This Thunder Bay, Ont., musician's Instagram was hacked. Now, she's worried it's being used to trick others
Online hacking risks losing connection to audience and thwarts album promotion plans
The last thing Danielle Pollari posted to Instagram was a video of her take on Elvis Presley's Can't Help Falling in Love.
This type of video is the norm for the Thunder Bay-based entertainer, who uses the social media platform to help grow her career as a musician and actor.
"My Instagram is basically like my way of showcasing myself," she said. "I don't even use my website. I have a website, but I do everything on Instagram because I can connect in the moment with real people. So it's perfect, and it's great as an independent artist because I don't have other people marketing my stuff."
Then, a hacker got through and locked her out of her account. She panicked, worried about losing touch with the following she created — or worse — putting them in harm's way.
You've been hacked
It started on Jan. 29 from a person who sent her a direct message asking for help "getting verified" on the platform. Pollari said the person asked her to follow a link, but she suddenly felt uneasy about the situation.
But, deciding to help, Pollari copied the link from the message. Suddenly she was locked out of her account and was unable to log back in.
Pollari said she began receiving notifications moments later that all her personal information was being stripped away from her account and replaced, making it impossible for her to log back in.
She turned to friends to help secure what was left of her social media presence after the hacker initially gained access. She then began contacting Instagram about the situation and reported her own page, but was left with few solutions.
"I was really frustrated because there wasn't any person to talk to," she said. "There wasn't a phone number you could call, there wasn't an email you could reach out to. There was just like some things on their site of how you can help yourself if you've been hacked."
While she's unable to gain access to her Instagram account, Pollari believes her page is now being used to target her own followers. She said she's still receiving confused messages from friends and followers asking if she's been sending them messages through the platform.
"So now they're using the same kind of approach that I got hacked with where they're telling people I need to get verified. And I feel so bad because all the people who follow me on Instagram are really supportive and they're like, 'yeah, of course I will help,'" she said.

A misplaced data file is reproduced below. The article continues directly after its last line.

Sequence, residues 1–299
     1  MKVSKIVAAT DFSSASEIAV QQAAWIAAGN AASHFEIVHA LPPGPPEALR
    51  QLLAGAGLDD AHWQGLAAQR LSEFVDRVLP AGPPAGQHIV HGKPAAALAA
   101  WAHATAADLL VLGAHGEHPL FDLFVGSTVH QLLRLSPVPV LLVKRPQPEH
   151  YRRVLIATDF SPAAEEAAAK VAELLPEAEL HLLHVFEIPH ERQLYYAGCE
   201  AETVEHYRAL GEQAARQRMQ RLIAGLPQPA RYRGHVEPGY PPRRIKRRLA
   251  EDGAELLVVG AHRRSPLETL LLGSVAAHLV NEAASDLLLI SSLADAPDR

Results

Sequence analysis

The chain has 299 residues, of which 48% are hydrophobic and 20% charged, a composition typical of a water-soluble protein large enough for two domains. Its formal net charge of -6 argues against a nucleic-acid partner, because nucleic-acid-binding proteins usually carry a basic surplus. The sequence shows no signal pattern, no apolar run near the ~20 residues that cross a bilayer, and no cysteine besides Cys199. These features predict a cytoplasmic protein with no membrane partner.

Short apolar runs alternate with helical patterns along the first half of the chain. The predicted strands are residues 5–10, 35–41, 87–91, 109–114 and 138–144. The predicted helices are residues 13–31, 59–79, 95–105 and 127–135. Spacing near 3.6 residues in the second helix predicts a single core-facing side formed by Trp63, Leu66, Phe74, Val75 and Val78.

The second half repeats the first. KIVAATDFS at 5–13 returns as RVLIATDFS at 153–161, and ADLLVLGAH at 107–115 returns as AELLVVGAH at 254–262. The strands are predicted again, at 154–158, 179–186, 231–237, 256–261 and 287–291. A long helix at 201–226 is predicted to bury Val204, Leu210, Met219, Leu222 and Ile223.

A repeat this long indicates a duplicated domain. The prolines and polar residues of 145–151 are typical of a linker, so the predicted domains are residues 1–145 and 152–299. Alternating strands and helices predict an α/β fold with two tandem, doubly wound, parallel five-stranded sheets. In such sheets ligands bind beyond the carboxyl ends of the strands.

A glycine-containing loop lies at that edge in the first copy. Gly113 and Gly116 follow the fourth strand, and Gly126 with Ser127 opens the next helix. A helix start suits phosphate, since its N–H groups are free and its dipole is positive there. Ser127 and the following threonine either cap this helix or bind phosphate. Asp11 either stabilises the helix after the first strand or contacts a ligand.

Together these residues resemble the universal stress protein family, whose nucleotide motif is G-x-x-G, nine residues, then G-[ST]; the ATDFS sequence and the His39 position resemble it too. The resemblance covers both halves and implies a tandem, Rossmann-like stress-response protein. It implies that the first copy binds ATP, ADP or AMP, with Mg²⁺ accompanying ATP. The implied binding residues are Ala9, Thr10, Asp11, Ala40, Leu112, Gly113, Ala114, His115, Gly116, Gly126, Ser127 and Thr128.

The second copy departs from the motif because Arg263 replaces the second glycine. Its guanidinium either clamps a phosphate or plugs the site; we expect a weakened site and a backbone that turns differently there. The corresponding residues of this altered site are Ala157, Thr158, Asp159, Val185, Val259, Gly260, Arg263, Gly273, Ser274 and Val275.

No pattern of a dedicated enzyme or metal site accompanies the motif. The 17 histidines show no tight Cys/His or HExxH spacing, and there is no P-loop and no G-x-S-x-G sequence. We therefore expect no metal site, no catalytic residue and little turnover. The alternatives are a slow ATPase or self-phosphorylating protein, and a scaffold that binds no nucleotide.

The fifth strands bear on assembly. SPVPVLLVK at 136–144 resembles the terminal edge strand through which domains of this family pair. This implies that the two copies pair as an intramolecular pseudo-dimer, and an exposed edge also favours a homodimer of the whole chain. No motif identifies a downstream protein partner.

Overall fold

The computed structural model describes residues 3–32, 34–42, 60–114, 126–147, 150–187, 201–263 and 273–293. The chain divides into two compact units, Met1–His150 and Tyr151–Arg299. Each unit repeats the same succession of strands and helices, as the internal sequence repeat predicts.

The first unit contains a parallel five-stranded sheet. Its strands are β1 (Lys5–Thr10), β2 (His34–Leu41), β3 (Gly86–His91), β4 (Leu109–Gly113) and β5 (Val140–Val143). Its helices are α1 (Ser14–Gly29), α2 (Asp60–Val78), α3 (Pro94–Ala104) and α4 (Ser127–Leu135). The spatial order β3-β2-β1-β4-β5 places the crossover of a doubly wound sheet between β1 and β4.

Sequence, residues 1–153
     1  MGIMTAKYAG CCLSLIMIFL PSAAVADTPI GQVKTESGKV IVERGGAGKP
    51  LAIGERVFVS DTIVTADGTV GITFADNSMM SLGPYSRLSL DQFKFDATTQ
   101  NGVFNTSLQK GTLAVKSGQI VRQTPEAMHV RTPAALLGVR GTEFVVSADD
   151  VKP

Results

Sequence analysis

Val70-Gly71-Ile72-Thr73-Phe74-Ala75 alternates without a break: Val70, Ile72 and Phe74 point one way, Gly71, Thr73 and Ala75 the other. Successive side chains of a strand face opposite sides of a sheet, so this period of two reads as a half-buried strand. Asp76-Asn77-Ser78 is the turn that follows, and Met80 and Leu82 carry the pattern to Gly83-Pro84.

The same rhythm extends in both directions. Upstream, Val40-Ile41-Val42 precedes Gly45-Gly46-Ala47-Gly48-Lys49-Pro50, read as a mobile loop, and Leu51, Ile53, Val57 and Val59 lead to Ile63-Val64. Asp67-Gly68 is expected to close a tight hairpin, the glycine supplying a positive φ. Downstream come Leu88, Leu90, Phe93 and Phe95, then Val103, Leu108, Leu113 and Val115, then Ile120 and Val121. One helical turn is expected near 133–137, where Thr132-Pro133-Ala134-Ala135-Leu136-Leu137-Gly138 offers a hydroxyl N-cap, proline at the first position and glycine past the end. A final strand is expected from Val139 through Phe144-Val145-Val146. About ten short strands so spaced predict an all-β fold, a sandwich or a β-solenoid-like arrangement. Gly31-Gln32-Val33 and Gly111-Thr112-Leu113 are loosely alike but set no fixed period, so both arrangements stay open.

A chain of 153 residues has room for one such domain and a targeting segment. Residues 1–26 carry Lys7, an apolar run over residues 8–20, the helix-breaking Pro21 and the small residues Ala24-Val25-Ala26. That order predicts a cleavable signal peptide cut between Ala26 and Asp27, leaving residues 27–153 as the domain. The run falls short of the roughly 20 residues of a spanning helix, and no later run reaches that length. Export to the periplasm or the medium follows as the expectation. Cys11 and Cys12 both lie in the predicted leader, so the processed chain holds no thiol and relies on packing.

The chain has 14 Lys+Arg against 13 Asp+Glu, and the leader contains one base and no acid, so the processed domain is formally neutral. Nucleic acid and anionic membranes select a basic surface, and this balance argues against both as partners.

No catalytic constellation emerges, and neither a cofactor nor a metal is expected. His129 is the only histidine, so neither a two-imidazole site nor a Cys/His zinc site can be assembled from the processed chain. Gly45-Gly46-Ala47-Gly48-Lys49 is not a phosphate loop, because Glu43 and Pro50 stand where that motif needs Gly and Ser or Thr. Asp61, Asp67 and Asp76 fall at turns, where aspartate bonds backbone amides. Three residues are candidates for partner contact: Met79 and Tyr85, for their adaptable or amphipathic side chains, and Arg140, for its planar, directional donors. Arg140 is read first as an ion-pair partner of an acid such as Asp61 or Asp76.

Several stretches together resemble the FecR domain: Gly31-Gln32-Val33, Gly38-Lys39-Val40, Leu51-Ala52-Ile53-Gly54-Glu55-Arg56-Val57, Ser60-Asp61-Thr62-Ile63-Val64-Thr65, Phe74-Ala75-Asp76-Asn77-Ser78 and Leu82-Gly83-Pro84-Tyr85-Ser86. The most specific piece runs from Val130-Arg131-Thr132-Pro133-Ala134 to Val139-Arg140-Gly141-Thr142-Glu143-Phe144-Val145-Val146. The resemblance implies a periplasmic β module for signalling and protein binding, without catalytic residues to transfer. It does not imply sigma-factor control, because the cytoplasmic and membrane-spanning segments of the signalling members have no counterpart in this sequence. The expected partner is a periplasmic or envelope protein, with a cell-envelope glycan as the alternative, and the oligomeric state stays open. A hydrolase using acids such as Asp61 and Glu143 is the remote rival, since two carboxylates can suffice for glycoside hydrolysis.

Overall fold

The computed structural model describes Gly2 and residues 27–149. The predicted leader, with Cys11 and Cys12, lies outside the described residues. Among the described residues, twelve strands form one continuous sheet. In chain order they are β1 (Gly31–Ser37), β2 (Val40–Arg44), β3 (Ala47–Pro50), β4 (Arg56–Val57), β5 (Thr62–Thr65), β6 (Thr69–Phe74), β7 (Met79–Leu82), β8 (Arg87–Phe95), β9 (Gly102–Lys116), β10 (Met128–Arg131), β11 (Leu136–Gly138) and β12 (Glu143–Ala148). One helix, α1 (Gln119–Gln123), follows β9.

Pollari said at this point she wants her account to be deleted, even if it means sacrificing the following she built up and starting from scratch.
"I have an album that I'm gearing up to really start releasing in the spring, and my whole game plan was to do the marketing myself, by pumping out videos and great content on my Instagram to gain a big following," she said.
But, since her account was hacked last week, she's already lost hundreds of followers.
Pollari isn't alone in her predicament. Thousands of small business owners and artists rely on Facebook and Instagram as marketing tools, taking on the risks that come with the platforms.
Claire Tsai, a marketing professor at the University of Toronto's Rotman School of Business, said it's risky to depend exclusively on one social media platform.
Tsai commented on a similar issue involving a musician in Montreal, whose Facebook page had been hacked to show propaganda from ISIS. She'd previously told CBC News she understands that small business owners are eager for the kind of low-cost marketing they can accomplish through a free platform such as Facebook, but says it's not a "reliable" resource.
"It's like putting all your eggs in one basket," she said. "It's better to be on a large number of social media platforms, including Twitter and TikTok. You want to diversify."
Pollari said she has an upcoming show in March that she's been unable to promote due to her account being overtaken.
For now, she said she's telling people to go to her Facebook page, which has remained free of any hacking.
In a statement, a Meta spokesperson told CBC News they're investigating Pollari's account hack. The parent company of Instagram said it's best practice for people to turn on two-factor authentication to prevent similar hacks from happening.
"We have sophisticated measures in place to stop bad actors in their tracks before they gain access to accounts, as well as measures to help people recover their accounts. We know we can do more here, and we're working hard in both of these areas to stop bad actors before they cause harm, and to keep our community safe," reads the statement from Meta.
The social media giant warns people of suspicious emails or messages on their platforms, and that users shouldn't click any links or attachments.